May 30, 1998: Today, Ben and I go to a memorial service for one of our dear friends from the Cancer Support Group. Bob passed away over a month ago. He was one of our veteran members and I had known him for over five years. He was a "regular" at all our meetings and an anchor to the group. Bob was a friendly and upbeat person with a twinkle in his eye. He was the first to welcome a new member to the Group and had a way of putting anyone at ease. He had a delightful sense of humor and we also shared a common interest in cars.

There were many folks from the Support Group at the Service today and most of us stood up to speak and share our memories. During the beautiful outdoor ceremony, a bagpiper played and several of Bob's family members each released a balloon after they shared their thoughts about him. At the end of the service, Bob's wife, Debbie, released the final balloon. Unlike the other balloons that went straight up, Debbie's balloon went into a fancy little spin. It looked like it was doing a fancy little jig, with the ribbon spinning behind it, before it finally drifted off into space. We all thought that must be Bob's spirit happily leaving us behind. He will be sadly missed by many, and fondly remembered by all.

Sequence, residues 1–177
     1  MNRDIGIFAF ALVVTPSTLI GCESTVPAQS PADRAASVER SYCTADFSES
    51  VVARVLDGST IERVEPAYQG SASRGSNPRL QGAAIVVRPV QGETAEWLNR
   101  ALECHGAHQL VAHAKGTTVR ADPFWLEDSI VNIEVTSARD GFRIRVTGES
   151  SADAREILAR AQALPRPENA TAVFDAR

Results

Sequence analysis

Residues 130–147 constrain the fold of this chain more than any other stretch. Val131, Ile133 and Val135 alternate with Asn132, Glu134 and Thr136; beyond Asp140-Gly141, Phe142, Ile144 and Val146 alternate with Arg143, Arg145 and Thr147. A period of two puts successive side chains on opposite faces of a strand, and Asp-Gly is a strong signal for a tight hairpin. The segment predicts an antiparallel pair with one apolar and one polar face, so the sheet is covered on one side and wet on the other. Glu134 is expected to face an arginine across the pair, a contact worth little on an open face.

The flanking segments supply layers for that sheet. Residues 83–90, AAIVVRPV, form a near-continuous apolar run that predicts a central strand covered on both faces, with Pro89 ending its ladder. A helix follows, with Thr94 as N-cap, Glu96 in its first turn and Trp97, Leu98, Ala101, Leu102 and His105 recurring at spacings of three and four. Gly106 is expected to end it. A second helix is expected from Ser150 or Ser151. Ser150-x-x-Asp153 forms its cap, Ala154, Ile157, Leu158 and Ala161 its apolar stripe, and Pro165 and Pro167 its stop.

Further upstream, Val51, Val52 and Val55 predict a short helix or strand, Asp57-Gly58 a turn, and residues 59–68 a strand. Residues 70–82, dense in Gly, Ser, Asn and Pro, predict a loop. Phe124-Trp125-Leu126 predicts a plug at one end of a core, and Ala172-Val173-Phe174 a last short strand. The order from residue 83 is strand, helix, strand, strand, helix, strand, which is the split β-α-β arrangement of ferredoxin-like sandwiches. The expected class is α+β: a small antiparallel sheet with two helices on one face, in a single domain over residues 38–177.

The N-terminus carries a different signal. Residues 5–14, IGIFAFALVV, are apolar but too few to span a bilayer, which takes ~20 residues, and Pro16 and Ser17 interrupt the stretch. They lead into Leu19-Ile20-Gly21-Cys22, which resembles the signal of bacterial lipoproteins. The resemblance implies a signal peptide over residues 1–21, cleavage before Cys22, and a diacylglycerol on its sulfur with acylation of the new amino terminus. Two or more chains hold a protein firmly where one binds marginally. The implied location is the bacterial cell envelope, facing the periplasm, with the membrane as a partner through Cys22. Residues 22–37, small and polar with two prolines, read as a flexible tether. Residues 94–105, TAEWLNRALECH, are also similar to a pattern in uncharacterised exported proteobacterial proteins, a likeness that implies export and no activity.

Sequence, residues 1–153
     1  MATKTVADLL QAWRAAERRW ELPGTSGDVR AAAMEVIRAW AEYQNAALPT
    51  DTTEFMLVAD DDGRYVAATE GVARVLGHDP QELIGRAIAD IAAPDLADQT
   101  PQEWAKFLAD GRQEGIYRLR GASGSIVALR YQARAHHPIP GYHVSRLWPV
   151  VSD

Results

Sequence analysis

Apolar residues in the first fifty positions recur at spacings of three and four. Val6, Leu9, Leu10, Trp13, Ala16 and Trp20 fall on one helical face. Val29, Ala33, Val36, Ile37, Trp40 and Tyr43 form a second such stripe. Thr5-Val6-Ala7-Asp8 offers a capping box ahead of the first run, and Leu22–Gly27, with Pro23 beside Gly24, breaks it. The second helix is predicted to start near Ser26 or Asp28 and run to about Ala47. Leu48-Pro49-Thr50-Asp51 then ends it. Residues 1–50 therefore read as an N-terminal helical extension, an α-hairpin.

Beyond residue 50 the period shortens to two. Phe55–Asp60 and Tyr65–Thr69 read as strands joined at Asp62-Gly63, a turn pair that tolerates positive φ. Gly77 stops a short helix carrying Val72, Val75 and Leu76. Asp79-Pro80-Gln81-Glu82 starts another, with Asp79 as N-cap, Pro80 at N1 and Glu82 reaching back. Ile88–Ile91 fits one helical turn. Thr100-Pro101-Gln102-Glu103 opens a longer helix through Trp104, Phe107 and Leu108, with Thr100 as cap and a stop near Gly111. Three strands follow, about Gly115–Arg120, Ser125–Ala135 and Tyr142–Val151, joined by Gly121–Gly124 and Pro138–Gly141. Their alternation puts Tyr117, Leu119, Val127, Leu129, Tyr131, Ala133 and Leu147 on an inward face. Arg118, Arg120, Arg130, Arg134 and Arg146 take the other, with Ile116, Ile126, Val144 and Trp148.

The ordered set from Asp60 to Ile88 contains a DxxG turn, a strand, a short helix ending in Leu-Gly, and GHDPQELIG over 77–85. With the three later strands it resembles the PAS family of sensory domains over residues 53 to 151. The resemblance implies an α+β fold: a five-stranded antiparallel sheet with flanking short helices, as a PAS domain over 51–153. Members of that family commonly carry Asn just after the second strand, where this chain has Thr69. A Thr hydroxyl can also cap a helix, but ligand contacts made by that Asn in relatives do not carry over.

I am feeling better today, so the antibiotic must be working on my infection. Before the memorial service, Ben and I took Lurk down to Rich and Mary Ann Canfield's house for an orientation. Rich and Mary Ann have offered to take Lurk for the summer, while we are out on the Tour. Lurk is going on his own vacation of sorts. A few of my friends have suggested that Lurk will come home larger than life after eating left-overs from Canfield's Restaurant. Actually, Lurk doesn't like left-overs or table food, except for milk, vanilla ice cream, some deli cold cuts and potato chips. He really prefers his cat food, which is a senior canned variety, as well as dry chow. I am sure Rich and Mary Ann will spoil him.

We took Lurk over in his carrier box to check out his summer "digs". He seemed confused and curious at first. He walked all through Mary Ann's house looking at everything and of course, sniffing everything as well. Finally, he settled down on the living room floor and sprawled out in the normal Lurk resting pose. When it came time to leave, we had to force him back into the carrier. I don't think there will be any adjustment problems with Lurk as he likes everybody. Lurk will be going over for a trial run this weekend, while we are in Bar Harbor. It is a tremendous relief for me to know that Lurk will not be caged up all summer at a kennel. We will miss him terribly, but he will enjoy his vacation with Aunt Mary Ann and Uncle Rich.